Mission

Companies are set up to achieve a mission. They word their mission in various ways:
  • Dell’s mission: “To be the most successful computer company in the world at delivering the best customer experience in the markets we serve.”
  • Mars Company’s mission: “The consumer is our boss, quality is our work, and value is our goal.”
  • McDonald’s mission: “Our vision is to be the world’s best ‘quick service restaurant.’ This means opening and running great restaurants and providing exceptional quality, service, cleanliness and value (QSCV).”

Virgin Atlantic Airways’ success is partly due to redefining its business as entertainment, rather than just transportation. Virgin helps its passengers avoid a boring flight by supplying personal videos, massages, ice cream, and other treats only later imitated by its major competitors.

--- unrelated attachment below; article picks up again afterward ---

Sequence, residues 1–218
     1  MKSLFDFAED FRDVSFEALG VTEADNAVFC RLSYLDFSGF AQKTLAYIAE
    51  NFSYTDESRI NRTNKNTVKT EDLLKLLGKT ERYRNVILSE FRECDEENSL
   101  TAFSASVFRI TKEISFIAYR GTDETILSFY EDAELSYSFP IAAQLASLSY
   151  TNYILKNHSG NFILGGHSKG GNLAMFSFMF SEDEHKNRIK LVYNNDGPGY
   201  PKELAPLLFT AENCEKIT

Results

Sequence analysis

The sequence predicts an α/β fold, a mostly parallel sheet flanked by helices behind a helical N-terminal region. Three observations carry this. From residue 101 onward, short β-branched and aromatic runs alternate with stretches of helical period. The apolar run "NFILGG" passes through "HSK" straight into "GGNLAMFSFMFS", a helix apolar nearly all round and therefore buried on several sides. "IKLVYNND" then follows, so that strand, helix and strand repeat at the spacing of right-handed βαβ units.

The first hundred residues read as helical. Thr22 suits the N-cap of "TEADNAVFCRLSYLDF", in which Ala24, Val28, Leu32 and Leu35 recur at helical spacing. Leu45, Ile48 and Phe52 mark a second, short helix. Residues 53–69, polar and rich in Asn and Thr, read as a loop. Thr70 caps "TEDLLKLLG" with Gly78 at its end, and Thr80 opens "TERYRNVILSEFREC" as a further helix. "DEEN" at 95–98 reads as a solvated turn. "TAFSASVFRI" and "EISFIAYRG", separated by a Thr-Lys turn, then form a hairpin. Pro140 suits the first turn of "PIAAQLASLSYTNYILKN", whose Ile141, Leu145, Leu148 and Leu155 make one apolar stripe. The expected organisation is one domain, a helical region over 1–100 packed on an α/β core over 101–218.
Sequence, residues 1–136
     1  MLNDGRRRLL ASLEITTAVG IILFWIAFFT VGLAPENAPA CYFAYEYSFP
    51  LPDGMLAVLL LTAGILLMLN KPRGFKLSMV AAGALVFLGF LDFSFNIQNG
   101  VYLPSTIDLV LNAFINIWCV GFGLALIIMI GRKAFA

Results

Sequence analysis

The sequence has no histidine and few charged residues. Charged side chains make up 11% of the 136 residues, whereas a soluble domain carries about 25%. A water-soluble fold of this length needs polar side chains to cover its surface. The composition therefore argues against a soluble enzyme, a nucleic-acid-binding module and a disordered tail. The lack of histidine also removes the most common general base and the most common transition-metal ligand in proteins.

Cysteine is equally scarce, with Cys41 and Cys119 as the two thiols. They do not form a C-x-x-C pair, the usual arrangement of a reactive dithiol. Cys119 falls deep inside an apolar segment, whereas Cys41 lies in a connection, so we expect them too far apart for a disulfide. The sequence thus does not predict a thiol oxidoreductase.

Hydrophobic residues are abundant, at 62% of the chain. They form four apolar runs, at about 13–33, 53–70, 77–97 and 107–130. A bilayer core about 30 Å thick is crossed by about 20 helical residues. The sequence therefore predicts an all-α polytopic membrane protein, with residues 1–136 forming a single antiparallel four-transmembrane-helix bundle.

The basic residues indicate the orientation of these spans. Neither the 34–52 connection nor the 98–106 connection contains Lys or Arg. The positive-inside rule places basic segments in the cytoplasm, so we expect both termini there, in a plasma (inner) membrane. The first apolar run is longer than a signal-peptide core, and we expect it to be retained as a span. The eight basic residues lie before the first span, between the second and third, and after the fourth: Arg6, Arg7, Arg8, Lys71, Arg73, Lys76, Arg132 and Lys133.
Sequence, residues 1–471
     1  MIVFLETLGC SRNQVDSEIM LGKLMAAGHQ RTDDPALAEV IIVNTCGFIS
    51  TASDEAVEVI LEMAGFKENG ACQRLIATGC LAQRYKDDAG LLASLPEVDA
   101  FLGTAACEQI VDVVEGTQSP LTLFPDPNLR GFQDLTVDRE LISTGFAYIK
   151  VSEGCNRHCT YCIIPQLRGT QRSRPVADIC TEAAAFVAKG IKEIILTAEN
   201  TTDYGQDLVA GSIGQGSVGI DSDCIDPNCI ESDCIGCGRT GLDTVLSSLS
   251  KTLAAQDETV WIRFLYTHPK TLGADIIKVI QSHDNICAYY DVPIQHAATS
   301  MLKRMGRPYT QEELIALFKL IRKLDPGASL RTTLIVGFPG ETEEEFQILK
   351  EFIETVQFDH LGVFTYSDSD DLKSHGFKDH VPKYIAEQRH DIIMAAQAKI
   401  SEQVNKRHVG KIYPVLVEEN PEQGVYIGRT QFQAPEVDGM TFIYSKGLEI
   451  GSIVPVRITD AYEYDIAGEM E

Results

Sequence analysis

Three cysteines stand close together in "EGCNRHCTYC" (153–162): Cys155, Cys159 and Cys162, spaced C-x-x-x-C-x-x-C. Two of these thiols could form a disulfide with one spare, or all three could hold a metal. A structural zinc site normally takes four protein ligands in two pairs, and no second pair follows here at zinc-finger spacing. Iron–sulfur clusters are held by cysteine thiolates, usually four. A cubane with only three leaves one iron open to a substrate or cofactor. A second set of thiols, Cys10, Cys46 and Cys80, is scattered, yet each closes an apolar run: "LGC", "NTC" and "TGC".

Johnson & Johnson prefers to prioritize its goals: Its first responsibility is to its customers, its second to its employees, its third to its community, and its fourth to its stockholders. This ordering of priorities is the best way to ensure profits for the stock-holders, as J&J has proved over the years.


Most mission statements contain the right phrases: “People are our most important asset.” “We will be the best at what we do.” “We aim to exceed expectations.” “We aim to make above average returns for our shareholders.” The lazy way to prepare the mission statement is to assemble these in any order.

Print your mission statement on the back of your business card to remind your people, your prospects, and your customers of what your company stands for.

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